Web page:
When it was time to cross the river down in the main valley, I could hear Hildegunn struggle with getting them across. They just refused. I positioned myself further down the river in case they started to run. Which they did – and straight towards us! When they saw me and Karma – forming a several meters long “barrier”, they ran straight across the river. Hildegunn was super-happy.

We had still 5km to go – back to the farm. My role now to keep out of sight, but “protect the flank” – AND keep an eye out for sheep up in the forest.

Observing Hildegunn move a small flock (left, close to the trees)

It had been a long day, strenuous at times, but I really enjoyed myself. We got 35 sheep back to the farm, which was only a fraction of the total flock – but those were the goal for today.

Keeping our distance

Back at the farm, I led Karma through the large flock and she didn’t even look in their direction. The interest was back at the usual zero. Both me and Karma got kind words from Hildegunn, and so I suppose we did more good than bad today.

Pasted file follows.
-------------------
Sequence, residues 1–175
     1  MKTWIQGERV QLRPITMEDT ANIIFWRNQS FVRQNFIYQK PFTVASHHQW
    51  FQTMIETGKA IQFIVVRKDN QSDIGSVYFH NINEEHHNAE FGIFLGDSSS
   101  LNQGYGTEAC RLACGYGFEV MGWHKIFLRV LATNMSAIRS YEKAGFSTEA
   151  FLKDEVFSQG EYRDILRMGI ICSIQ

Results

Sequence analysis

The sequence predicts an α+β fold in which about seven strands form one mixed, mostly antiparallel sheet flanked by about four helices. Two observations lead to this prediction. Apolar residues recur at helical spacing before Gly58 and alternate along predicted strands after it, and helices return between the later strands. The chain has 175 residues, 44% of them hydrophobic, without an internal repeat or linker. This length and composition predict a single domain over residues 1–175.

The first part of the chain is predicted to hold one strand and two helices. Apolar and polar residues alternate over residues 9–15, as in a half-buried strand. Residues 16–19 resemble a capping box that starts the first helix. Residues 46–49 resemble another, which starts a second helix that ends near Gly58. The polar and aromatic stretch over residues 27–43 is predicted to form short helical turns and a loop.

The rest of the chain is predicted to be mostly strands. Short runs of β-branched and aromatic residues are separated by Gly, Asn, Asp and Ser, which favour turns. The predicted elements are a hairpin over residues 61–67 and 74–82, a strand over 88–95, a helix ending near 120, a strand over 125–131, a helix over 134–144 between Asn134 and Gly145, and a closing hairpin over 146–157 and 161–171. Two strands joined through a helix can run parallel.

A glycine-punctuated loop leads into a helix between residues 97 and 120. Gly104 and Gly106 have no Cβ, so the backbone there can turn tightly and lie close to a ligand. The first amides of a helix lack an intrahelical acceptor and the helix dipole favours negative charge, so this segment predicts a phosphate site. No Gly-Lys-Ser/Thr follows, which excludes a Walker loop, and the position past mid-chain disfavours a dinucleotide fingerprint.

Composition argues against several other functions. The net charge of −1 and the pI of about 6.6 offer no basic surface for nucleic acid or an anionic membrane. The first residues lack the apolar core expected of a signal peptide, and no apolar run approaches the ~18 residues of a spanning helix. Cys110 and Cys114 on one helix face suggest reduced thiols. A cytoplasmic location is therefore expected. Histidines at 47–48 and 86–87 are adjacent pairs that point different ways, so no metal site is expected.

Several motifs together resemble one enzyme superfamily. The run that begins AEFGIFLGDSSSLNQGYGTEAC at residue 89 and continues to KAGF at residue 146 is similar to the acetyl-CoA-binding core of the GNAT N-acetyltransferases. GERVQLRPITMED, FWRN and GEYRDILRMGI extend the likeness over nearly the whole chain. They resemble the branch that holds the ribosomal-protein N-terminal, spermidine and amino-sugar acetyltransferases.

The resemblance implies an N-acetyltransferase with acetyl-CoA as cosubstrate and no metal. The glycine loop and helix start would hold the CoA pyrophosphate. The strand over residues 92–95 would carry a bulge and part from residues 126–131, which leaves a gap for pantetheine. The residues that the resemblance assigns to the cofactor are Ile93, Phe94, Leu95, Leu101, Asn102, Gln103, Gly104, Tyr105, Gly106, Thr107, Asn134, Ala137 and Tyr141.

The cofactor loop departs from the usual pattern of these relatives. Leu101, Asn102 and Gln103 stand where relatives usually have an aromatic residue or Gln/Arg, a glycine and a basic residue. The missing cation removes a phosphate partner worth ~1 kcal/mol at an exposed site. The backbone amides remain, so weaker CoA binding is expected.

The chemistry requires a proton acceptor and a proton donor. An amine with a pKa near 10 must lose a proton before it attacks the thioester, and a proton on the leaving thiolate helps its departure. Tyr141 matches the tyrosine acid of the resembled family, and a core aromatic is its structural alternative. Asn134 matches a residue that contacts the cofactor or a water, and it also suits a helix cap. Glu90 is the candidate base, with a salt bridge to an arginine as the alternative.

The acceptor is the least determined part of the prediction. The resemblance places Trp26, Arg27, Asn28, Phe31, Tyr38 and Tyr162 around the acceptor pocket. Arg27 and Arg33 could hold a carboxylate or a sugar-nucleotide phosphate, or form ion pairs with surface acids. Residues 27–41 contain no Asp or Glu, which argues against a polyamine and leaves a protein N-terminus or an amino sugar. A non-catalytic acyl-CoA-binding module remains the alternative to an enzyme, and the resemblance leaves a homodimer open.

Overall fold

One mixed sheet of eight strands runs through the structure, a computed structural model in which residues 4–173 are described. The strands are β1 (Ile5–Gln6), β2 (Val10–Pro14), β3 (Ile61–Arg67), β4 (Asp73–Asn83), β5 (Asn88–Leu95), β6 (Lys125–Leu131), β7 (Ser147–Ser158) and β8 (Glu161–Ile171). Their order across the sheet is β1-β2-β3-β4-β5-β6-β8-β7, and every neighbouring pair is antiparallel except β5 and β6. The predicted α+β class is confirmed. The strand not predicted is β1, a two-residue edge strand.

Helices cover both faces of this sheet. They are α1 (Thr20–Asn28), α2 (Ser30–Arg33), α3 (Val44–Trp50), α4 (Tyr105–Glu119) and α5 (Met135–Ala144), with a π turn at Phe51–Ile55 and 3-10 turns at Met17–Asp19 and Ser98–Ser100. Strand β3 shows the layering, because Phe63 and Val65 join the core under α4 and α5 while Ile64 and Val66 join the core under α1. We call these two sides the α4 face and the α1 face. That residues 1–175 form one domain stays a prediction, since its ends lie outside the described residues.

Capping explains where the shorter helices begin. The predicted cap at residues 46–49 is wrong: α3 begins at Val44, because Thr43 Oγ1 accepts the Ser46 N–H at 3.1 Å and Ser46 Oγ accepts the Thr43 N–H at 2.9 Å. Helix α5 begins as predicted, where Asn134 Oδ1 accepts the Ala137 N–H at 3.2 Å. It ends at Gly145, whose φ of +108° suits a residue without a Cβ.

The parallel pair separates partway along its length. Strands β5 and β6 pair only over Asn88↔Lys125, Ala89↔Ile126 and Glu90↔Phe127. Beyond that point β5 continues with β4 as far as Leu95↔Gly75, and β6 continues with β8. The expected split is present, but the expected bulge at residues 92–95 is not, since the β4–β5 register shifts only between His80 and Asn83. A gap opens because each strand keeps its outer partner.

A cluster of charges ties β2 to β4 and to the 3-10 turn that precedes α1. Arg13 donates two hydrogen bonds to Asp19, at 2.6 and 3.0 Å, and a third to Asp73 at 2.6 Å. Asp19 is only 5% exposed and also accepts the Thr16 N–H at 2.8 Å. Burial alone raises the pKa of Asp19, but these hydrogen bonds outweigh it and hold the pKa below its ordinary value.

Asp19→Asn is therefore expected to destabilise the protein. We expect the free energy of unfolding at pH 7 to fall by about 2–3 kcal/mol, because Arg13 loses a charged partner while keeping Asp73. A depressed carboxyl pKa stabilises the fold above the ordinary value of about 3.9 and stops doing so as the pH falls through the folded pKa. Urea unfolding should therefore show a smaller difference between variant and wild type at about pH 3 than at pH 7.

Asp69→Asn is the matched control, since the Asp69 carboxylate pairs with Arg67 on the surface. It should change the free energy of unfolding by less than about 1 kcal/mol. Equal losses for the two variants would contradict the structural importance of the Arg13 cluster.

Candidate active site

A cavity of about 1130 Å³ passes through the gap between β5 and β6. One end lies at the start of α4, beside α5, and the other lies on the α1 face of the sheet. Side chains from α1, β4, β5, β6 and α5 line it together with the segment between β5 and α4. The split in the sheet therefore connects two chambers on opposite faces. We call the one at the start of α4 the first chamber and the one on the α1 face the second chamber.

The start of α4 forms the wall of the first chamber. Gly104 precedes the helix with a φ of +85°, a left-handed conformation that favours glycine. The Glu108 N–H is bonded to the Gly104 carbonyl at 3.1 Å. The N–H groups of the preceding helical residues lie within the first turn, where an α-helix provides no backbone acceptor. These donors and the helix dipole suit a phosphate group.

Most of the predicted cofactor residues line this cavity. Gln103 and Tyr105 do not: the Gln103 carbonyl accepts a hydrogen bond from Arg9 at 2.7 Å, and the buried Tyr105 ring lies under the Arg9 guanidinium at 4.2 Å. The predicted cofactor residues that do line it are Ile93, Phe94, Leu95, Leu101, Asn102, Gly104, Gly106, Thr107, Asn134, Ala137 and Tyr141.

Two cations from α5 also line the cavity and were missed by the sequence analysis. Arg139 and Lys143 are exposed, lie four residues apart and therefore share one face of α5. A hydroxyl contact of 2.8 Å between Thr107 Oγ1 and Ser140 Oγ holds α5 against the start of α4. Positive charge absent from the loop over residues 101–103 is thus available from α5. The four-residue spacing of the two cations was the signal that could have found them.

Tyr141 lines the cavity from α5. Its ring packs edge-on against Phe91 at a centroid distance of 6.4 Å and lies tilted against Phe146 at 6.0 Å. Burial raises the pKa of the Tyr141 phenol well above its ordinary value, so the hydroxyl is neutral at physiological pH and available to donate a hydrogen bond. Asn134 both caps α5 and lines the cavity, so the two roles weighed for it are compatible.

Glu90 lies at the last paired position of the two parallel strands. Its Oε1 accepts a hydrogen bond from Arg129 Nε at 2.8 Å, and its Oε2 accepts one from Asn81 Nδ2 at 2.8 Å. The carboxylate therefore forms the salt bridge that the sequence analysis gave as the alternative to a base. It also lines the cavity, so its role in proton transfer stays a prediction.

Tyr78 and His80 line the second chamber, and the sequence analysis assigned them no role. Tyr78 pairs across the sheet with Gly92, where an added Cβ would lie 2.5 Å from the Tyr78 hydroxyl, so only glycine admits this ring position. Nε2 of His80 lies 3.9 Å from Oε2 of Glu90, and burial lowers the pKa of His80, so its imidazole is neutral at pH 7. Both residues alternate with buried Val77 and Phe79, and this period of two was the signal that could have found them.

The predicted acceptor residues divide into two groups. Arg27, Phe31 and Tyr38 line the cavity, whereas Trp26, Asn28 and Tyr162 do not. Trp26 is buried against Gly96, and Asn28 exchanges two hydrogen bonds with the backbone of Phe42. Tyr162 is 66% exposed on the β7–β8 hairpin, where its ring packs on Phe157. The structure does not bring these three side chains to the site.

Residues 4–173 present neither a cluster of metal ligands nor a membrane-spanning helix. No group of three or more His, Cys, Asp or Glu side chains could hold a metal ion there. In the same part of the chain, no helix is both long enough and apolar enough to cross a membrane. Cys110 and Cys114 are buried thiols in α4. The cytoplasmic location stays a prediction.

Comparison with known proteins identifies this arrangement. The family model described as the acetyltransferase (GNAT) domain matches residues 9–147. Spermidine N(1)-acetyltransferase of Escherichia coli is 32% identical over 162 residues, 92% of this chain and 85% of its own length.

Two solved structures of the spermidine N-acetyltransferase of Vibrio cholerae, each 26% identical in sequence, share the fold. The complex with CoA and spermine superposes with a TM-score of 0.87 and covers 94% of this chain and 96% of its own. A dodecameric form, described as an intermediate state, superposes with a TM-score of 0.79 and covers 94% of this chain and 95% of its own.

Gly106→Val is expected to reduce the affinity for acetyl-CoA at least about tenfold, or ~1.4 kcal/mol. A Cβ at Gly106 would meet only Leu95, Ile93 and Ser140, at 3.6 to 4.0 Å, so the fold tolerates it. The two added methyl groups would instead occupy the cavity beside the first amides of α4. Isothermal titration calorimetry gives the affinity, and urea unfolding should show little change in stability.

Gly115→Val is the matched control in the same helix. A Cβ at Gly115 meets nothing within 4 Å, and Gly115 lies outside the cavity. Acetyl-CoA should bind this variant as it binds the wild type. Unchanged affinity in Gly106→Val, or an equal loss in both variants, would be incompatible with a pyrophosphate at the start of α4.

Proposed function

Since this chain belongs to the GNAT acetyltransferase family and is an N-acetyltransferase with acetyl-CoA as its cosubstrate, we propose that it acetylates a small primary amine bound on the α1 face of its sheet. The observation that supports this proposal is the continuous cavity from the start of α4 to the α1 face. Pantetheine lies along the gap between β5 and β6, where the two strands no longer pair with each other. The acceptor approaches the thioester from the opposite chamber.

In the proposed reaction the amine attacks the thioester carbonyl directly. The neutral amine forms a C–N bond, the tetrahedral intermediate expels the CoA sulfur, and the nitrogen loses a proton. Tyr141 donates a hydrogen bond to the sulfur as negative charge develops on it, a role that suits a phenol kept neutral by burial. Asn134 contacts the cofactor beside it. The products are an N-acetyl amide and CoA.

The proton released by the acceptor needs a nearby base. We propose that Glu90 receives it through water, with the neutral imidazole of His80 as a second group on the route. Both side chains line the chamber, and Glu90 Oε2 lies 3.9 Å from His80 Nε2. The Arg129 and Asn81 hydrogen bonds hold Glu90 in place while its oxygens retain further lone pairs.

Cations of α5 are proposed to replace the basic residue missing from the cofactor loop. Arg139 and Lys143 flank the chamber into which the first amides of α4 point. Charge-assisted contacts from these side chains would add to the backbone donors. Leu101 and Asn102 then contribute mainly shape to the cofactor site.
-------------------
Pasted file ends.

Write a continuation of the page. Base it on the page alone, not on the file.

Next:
A job well done!

I was invited to dinner but had to decline as I expected Anne in the afternoon. She would just stay a couple of days before going on various trips, being away for a couple of weeks. Thus, I wanted to spend the little time we had, together.

I was definitely motivated to come back to this area again soon (which I did!) and start visiting mountains that I didn’t get to do while living in Ålesund.

We’ll be back, Karma. Sooner than you may think…

Trip statistics: 15,3km, 1085 vertical meters, 6h:31m